Naturally, he joined the Navy during Desert Storm.
"I'm an immigrant, so it was my way of giving back before I got too old," Yeigh said.
Yeigh, 49, became the new chancellor at the University of Washington Bothell last fall, just the third chancellor the campus has had since opening in 1990.
Born in South Korea, he first passed through Seattle at age 11 when his family immigrated to the United States.
"Just as people look at Ellis Island as they're flying into New York, the Space Needle was our landmark as my family was flying into Seattle," he said.
Yeigh -- who has gone by his middle name Wolf since the Desert Storm days -- has four degrees in engineering and plans to teach the subject in addition to his administrative duties.
"I think we're faculty first in a way," Yeigh said of college administrators. "Otherwise why would we go to graduate school? I'm looking forward to engaging and interacting with students. After all, that is our core business, isn't it?"
After four years of active duty, Yeigh spent four more in the reserves, during which time he earned another master's and a Ph.D. from Princeton.
He has remained in academia ever since, working at six universities in the past two decades.
He most recently held a position as president of the State University of New York Institute of Technology.
"We really appreciate that he has experience at a lot of other institutions around the country," said Susan Jeffords, vice chancellor of Academic Affairs. "He has wonderful networks of people that he can call on as resources. Within just a short time, we're already able to learn about best practices or good ideas from other institutions and try to see if they would be helpful for us at Bothell."
Jeffords says working with Yeigh has been "a blast."
"He has tons of energy," she said. "He's a very inclusive leader. He really likes to hear everyone's ideas. He's very open in discussing new ideas and options."
An engineer-as-chancellor is a good fit for UW Bothell, which will launch computer engineering and mechanical engineering degrees next year.
Last summer, the school received a six-year stamp of approval from ABET, an accrediting board for engineering and technology. The accreditation is expected to expand job opportunities for graduates and halve the time it takes them to get licensed as professional engineers.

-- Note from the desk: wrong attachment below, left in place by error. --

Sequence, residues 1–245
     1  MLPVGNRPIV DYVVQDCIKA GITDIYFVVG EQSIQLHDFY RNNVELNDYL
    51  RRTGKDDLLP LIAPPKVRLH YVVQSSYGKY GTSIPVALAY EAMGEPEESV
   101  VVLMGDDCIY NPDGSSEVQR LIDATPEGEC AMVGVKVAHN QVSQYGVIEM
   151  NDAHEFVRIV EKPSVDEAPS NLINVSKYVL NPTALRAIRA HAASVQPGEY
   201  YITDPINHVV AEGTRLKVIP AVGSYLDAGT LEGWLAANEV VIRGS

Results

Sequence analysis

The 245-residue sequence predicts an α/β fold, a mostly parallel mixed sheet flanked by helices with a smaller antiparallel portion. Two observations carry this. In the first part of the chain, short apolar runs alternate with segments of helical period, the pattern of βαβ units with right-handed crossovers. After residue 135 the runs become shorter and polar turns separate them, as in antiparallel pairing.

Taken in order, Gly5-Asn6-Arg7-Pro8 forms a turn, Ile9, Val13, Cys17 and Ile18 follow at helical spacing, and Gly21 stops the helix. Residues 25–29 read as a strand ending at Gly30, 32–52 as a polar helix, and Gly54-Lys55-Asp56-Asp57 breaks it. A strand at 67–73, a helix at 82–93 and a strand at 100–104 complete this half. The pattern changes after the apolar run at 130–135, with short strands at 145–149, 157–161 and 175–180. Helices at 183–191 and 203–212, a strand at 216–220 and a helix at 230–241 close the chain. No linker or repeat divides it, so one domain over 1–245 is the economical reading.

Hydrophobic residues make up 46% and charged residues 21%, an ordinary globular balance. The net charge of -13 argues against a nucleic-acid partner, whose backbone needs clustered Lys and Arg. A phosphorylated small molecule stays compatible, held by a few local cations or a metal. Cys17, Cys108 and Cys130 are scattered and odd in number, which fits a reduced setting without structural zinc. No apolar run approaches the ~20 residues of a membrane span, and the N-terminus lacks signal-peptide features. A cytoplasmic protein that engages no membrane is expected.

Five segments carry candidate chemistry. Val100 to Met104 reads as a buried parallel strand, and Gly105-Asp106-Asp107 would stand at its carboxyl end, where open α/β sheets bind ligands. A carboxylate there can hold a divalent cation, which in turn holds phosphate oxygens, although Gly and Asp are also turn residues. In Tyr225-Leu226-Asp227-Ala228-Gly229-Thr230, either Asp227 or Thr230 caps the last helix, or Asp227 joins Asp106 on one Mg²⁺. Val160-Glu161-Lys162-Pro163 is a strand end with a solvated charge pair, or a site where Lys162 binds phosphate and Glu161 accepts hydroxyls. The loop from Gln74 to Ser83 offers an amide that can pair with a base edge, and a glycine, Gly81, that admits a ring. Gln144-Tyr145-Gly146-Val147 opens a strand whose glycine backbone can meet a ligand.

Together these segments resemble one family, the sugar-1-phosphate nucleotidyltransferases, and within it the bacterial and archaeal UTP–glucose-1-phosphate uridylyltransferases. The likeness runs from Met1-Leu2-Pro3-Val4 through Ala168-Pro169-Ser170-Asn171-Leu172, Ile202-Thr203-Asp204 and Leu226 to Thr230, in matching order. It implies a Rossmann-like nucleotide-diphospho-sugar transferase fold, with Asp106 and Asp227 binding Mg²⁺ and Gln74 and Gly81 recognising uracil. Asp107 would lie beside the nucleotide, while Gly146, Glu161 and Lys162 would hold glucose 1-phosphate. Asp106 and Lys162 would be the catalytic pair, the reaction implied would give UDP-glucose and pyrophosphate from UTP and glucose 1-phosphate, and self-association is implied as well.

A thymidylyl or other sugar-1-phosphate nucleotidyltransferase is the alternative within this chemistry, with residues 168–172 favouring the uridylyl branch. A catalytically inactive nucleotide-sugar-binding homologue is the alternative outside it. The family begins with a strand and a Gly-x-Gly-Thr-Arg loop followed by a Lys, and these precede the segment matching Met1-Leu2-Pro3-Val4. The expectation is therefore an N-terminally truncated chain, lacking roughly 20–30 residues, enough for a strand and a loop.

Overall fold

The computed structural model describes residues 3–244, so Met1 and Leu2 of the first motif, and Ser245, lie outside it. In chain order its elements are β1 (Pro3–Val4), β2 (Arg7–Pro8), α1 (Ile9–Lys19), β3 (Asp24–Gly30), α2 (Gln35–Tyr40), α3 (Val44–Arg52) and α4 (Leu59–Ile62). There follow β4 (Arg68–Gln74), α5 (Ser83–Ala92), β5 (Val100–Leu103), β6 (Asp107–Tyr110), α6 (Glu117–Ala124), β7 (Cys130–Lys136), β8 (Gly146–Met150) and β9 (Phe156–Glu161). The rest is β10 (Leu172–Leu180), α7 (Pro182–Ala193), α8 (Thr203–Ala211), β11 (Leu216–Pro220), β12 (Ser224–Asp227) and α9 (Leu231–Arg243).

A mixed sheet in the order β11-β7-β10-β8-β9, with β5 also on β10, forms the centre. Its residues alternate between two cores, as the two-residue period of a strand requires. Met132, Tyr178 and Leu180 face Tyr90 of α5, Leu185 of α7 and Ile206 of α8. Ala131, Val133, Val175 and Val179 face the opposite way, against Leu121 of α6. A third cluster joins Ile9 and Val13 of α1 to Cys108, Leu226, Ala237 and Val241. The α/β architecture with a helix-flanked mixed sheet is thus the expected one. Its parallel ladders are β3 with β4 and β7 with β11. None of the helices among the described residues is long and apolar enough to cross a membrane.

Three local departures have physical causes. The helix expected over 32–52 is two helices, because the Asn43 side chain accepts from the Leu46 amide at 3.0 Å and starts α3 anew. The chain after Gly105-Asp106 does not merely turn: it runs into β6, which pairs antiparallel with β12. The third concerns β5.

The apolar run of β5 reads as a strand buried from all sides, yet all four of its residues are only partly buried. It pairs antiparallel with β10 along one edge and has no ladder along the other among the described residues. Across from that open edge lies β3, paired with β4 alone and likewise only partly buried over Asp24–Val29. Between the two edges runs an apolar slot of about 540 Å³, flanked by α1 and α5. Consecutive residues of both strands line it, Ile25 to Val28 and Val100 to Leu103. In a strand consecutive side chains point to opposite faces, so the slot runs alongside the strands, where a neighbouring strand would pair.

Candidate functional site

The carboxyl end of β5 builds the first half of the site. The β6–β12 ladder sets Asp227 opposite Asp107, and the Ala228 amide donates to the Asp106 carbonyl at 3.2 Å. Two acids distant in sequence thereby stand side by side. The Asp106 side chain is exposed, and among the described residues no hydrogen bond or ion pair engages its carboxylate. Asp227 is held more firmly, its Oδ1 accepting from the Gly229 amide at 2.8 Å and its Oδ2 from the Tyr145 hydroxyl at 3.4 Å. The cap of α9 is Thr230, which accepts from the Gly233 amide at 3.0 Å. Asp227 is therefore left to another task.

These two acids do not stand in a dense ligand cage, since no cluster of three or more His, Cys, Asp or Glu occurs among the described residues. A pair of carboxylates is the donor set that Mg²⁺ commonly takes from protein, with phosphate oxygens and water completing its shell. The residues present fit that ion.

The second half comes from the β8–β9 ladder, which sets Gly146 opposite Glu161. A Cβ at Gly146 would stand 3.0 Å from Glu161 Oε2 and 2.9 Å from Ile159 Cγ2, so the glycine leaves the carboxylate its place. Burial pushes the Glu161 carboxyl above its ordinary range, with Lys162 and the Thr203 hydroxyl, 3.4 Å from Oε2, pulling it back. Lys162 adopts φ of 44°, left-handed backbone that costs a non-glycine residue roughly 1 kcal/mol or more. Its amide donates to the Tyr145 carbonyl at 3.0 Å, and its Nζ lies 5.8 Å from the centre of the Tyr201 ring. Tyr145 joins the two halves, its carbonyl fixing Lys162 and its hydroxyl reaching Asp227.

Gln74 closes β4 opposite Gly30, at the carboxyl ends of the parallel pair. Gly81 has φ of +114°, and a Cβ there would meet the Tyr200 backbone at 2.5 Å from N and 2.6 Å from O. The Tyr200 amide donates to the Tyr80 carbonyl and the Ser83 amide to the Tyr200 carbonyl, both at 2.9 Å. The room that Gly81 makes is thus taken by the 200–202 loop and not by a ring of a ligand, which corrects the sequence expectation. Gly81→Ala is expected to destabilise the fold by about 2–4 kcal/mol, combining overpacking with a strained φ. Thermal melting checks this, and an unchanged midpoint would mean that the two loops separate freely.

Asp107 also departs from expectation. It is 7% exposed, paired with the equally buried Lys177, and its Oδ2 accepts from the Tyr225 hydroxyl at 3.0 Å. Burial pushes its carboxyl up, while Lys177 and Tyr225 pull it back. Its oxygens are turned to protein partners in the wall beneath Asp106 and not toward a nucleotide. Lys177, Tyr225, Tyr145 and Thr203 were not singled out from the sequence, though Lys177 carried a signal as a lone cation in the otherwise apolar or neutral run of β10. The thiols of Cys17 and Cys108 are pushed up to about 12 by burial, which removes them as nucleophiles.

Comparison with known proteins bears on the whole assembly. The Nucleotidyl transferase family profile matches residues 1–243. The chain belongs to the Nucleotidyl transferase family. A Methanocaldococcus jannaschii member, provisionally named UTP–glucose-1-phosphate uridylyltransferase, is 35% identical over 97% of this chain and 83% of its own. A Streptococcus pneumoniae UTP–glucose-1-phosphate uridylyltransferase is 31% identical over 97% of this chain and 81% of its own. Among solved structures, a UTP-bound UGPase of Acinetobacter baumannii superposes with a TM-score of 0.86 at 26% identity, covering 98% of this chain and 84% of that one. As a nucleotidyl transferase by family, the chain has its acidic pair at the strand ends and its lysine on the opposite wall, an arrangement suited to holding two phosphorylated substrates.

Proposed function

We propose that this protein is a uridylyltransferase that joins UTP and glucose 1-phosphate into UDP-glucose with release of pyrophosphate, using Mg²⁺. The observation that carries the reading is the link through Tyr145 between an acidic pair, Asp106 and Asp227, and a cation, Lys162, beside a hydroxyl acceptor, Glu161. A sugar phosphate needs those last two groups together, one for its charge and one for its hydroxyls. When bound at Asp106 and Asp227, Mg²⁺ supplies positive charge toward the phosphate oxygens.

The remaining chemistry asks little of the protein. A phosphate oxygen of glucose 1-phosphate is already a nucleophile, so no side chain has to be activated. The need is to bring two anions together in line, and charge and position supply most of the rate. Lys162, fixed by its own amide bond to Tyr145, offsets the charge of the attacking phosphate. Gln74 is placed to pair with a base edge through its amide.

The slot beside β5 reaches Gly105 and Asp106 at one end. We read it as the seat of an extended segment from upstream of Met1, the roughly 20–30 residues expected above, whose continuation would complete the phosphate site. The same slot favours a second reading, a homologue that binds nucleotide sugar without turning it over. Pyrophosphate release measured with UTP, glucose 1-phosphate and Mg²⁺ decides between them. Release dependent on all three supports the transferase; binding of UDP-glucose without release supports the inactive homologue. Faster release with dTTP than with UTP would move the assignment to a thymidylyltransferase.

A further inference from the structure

The presence of the state's largest employer, Boeing, was a draw for Yeigh.
He's been near the aerospace giant before, having served as the dean of the College of Engineering, Aviation and Technology at Saint Louis University, which is 30 minutes from the Boeing Defense, Space & Security unit.
But the chancellor says that's just one of many booming industries that lured him to this area.
"Right here in Snohomish County is a hotbed of biomedical and biotechnical companies. Put a pin on the campus and draw a 10-mile circle around it -- you can fit over 120 or 130 biomedical companies. Was that a draw? Absolutely. Also, Providence Health is here in Snohomish County. Health care is a big deal."
UW Bothell recently partnered with Everett Community College for a nursing program called "1+2+1," which will allow students to attend their first year of college at UW Bothell, the next two at EvCC and their senior year back at UW Bothell.
Still, what most attracted Yeigh to the Bothell campus was that he related to the students.
"You look at the composition and the makeup of our student body, I could personally identify with them more so than any other institution where I've been," he said. "Half of our student body happens to be first-generation college students. Half of our student body comes from under-represented groups. What this institution is doing to serve them, and to serve the community, that probably had more impact than anything else."
He says the university is focused on raising enrollment rates for these under-represented groups, which are identifiable by visible characteristics such as race and gender, but also by inequalities in income and social status.
"Our admissions counselors are in schools sitting down with prospective students from these under-represented groups, unpacking what the college application process is all about. Our students volunteer to go back and work with other students from their high schools," he said.
One program even sends UW Bothell admissions advisers out to Marysville Middle School to talk to kids as young as age 11.
A quarter of UW Bothell's 4,600 students come from Snohomish County.
"By helping our students gain access to higher education and attainment of their baccalaureate degrees and advanced degrees, I think we could really shape a more diverse workforce. A lot of people are talking about it, this is one of those campuses that is doing something about it," the chancellor said.
Another one of his missions: promoting under-represented clothing.
"He's a bow tie guy," said Kelly Snyder, assistant vice chancellor for Government and Community Relations.
A purple-and-gold UW bow tie is Yeigh's new trademark, and it's one of a kind.
"There isn't a University of Washington bow tie anywhere," Yeigh said. "I had a University of Washington necktie and I sent it out to be converted into a bow tie."
Yeigh lives with his wife, Sandy, in Woodinville. He has a studio in their home where he does woodwork, making Adirondack chairs out of lumber from cherry trees he cut down when he lived in Vermont.
"It's great therapy," he said. "I didn't want to just cut these trees down and use it as fuel. When I was in junior high, back then we had industrial arts, so I took a couple of those courses. It was fun, so I kept on doing it."
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